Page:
However, this stream of research has primarily been concerned with the perceived risk involved in individual decision making. The unit of analysis has been a specific consumer. In actuality. a large number of consumer decisions are made jointly, especially in syncratic families. In his review of the literature on family decision making, Davis (1976) notes that group decision making is considered to differ in some important respects from individual decision making. However, a good deal of the emphasis in consumer research is still on the individual and not necessarily relevant to group decision making processes.

Much of the research on family decision making concentrates on the interaction between husbands and wives and their ability to influence, bargain, accommodate, agree, persuade, or assume specific roles in consumption related decisions (Davis 1976). This study addresses another dimension in the decision process: the willingness of the individual to assume more or less risk in a dyadic versus individual decision. For example, a husband may hesitate to purchase a consumer durable by mail order due to an unwillingness to take the risk of a major purchase sight unseen. However, when making the same decision jointly with his wife, he might be willing to assume greater risk because the responsibility for a wrong decision is no longer his alone. The purpose of this study is to investigate how consumers differ in their approach or avoidance of risk in autonomous versus joint decisions. This knowledge will help marketers understand differences in risk taking resulting from the interpersonal influence involved in joint decision making.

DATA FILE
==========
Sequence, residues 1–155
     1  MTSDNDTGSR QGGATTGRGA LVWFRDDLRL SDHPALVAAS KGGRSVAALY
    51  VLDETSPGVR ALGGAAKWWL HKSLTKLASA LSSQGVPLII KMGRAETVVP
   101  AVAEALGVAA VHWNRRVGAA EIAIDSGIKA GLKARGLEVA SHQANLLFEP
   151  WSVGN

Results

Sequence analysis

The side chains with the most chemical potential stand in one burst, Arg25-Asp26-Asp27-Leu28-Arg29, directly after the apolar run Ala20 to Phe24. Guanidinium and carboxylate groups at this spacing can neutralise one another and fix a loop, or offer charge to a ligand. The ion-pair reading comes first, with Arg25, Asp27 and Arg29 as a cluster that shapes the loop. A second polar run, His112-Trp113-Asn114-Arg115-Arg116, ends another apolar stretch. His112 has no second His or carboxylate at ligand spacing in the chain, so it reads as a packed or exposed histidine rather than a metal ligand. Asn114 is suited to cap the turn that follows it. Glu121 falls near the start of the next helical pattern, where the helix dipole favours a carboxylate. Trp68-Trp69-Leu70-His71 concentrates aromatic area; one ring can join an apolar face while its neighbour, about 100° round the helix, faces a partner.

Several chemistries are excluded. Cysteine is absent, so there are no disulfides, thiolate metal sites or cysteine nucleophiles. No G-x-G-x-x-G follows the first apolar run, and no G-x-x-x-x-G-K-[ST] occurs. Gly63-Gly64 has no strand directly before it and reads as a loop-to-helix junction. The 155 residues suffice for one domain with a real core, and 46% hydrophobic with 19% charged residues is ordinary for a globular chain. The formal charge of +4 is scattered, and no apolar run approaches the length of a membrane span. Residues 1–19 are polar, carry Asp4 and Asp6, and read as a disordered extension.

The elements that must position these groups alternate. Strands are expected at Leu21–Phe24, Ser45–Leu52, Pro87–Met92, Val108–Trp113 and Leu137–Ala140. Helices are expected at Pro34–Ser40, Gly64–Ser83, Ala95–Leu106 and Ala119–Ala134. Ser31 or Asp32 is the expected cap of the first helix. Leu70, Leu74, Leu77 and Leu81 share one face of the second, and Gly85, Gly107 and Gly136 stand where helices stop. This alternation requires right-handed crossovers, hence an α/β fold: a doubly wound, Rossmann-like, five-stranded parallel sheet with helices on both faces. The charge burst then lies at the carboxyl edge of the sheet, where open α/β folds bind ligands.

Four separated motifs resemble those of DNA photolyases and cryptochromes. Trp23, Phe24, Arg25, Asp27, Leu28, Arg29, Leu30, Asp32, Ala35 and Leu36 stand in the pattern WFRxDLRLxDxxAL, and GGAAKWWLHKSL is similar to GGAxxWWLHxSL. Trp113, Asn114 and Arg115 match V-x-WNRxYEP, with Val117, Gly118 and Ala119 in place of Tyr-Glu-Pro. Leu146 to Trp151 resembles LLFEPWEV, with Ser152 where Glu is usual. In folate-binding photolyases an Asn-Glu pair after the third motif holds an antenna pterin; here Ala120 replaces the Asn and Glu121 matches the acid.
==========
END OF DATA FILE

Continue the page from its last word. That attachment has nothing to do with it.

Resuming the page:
The psychological literature contains a well developed area of inquiry dealing with the effect of group decisions on willingness to take risk. First introduced by Stoner (1961) and expanded by Wallach, Kogan and Bem (1962), this group influence is known as risky shift. Basically, risky shift describes the greater amount of risk that an individual is willing to take when making a decision with a group than when deciding alone. Most investigations of risk shifting have made use of the choice dilemma questionnaire (CDQ) developed by Kogan and Wallach (1964) which consists of twelve scenarios of a general nature. In each scenario, subjects are presented with a hypothetical situation describing an individual faced with a choice wherein one alternative leads to a more desirable albeit less certain outcome. Subjects are asked to make an individual and then a group assessment of the lowest probability of the desirable outcome occurring acceptable to recommend that the hypothetical person pursue the risky alternative. Autonomous versus group scores indicated that, in contraSt to conformity notions, groups make significantly riskier assessments than do individuals.